Compare and contrast Piaget and Vygotskyâ€™s theorys of cognitive development
Cognition is the procedure concerned with thinking and mental activity, these include attention, memory and problem solving. In this essay on cognitive development I will compare and contrast the theories of Piaget and Vygotsky, both of these were influential in forming a more scientific approach to analysing the cognitive development process of the child active construction of knowledge. (Flanagan 1996). Piaget states that there are 4 stages of cognitive development which children will progress through at different stages of their lives. (Gross 2005). This essay will explore these areas. It will then focus ...view middle of the document...
(Gross 2005). Piaget divided this stage into six substages. During this stage children develop the concept of object permanence. Object permanence is an important concept, as it teaches them that an object still exists even if it is not visible. (Gross 2005).
The preoperational stage last from two to seven years. In this stage it becomes possible to carry on a conversation with a child and they also learn to count and use the concept of numbers. This stage is divided into the preoperational phase and the intuitive phase. Children in the preoperational phase are preoccupied with verbal skills and try to make sense of the world but have a much less sophisticated mode of thought than adults. In the intuitive phase the child moves away from drawing conclusions based upon concrete experiences with objects. One problem, which identifies children in this stage, is the inability to cognitively conserve relevant spatial information. This is when, when a material is manipulated and no longer matches the cognitive image that a child has made, that child believes the amount of material has been altered instead of just its shape. (Jarvis, Chandler 2001 P.135)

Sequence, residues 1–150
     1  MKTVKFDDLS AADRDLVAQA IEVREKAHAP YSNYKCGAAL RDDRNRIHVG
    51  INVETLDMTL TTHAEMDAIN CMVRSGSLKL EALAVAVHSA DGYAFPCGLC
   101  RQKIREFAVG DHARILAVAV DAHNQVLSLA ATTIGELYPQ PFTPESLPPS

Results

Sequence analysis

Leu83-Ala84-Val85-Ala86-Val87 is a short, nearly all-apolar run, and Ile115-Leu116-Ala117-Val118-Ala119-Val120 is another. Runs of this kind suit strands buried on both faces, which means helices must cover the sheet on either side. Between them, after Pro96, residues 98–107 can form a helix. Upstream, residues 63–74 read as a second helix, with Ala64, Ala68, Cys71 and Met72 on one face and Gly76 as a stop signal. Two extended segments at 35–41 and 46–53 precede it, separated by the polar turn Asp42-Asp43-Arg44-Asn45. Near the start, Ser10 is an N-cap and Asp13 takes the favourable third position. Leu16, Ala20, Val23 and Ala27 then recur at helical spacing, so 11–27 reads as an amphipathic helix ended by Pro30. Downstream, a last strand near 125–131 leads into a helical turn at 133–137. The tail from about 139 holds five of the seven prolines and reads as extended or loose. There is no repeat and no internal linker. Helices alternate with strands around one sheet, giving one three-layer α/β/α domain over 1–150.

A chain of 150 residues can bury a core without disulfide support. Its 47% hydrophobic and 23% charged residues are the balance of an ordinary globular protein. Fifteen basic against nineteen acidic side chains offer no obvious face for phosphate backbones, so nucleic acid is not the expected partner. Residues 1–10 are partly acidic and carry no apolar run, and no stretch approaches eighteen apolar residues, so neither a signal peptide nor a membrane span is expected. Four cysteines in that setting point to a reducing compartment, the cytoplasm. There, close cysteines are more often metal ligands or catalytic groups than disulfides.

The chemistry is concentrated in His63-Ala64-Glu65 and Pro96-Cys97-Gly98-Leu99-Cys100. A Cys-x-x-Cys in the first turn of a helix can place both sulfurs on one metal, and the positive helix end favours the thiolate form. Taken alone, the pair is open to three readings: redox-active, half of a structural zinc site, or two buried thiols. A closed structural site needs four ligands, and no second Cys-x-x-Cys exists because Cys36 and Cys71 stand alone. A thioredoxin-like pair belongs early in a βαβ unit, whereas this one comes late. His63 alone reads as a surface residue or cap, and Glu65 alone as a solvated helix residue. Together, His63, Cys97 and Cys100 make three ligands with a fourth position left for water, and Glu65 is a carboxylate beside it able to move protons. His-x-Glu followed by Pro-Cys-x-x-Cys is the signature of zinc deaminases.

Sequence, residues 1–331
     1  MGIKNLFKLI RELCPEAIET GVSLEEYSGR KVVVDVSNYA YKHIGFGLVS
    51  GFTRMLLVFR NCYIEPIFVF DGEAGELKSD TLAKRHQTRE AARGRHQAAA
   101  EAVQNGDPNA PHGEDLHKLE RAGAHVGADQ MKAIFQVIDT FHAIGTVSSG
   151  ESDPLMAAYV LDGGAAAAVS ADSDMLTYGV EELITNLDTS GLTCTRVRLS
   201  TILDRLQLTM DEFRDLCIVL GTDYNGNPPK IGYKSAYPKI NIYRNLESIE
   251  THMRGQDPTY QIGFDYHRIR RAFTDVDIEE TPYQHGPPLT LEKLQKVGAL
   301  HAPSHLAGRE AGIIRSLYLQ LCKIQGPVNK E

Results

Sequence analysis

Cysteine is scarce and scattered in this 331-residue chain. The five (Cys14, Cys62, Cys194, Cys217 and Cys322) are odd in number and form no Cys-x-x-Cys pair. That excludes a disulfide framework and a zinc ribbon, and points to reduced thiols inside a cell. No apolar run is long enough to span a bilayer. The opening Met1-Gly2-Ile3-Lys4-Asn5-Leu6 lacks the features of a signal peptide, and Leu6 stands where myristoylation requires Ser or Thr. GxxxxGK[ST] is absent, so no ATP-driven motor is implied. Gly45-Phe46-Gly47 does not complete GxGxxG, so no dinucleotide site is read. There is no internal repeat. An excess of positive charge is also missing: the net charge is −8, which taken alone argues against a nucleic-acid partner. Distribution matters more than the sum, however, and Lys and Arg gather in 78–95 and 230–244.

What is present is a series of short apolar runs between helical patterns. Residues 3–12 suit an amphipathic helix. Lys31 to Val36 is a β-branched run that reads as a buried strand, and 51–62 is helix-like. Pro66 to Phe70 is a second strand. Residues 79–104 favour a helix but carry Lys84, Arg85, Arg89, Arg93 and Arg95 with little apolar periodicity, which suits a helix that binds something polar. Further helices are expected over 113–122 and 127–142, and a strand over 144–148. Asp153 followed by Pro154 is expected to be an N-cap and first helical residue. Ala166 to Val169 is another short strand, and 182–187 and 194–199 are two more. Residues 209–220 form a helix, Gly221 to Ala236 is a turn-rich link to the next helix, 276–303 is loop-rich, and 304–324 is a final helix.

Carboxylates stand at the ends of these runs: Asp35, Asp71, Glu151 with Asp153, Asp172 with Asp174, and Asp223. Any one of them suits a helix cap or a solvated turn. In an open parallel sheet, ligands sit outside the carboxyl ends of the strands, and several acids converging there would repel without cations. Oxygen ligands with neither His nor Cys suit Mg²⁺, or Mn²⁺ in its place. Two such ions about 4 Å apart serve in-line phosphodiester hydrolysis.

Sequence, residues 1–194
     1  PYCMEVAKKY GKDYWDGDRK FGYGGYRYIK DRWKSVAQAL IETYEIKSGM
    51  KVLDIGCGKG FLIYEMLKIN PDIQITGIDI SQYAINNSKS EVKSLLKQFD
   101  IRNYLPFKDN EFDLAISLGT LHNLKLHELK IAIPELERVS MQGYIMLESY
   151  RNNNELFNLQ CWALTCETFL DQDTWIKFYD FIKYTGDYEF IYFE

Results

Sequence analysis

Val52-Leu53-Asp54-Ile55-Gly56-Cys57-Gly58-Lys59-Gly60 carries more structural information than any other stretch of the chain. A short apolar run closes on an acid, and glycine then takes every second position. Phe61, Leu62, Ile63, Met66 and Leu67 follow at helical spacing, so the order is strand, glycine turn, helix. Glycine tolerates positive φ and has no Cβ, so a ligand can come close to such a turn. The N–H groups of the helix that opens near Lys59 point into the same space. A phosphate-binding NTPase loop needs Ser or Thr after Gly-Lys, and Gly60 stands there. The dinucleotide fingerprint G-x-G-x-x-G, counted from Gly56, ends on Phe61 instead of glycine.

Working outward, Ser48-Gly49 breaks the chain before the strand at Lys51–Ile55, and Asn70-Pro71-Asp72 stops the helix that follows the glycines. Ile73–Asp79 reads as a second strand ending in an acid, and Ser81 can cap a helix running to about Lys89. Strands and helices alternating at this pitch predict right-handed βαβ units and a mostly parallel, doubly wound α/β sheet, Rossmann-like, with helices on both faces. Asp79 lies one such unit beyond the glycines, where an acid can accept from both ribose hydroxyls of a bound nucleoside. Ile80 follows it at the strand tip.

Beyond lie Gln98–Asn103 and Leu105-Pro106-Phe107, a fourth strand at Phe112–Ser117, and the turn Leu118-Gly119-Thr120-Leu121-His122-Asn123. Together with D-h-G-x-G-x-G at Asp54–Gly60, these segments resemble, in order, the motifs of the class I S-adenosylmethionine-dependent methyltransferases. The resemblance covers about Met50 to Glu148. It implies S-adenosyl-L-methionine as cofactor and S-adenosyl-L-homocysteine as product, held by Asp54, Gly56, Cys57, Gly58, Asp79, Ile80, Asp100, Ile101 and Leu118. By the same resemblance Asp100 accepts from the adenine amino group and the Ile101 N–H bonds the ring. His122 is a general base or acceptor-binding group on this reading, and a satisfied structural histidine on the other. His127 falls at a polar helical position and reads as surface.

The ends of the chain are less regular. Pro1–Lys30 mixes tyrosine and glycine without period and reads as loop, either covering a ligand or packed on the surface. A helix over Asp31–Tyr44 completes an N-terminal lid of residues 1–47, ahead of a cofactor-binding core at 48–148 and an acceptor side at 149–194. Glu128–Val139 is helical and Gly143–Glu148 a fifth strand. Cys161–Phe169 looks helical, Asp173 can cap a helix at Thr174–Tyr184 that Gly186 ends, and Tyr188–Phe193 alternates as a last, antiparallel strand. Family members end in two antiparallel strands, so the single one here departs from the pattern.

During the Concrete Operational stage from ages seven to ten, children of this age are in school and they begin to deal with abstract concepts such as numbers, relationships and how to reason. They can now group certain things into categories, and put objects into size order, number order, and any other types of systematic ordering. There is a form of logical reasoning and thinking. Using logic, the child is capable of reversibility and conservation, which is the understanding of that mental operations and physical operations, can be reversed. They are now beginning to understand other peopleâ€™s perspectives and views and are capable of concentrating on more than one thing at a time. In this stage a person can do mental operations but only with real concrete objects, events or situations. (Jarvis, Chandler 2001 P.139).
Finally, in the formal operational stage, age twelve to fifteen, the child has become more adult-like in their thought structures and processes. They begin to reason logically, systematically and hypothetically. (Jarvis, Chandler 2001 P.139). They understand meanings without the need for physical objects or images. In other words, they can imagine things that do not exist or that they have never experienced. This stage is generally like the preceding stage but at a more advanced level. The formal operational person is capable of meta-cognition, that is, thinking about thinking.
Piaget also theorised on Adaptation, and Development. The adaptation theory (also known as the Constructivist theory) involved three fundamental processes, which contributed to the childâ€™s cognitive development. These are assimilation, accommodation, and equilibrium. Assimilation involved the incorporation of new events into pre-existing cognitive structures. Accommodation is the adjustment...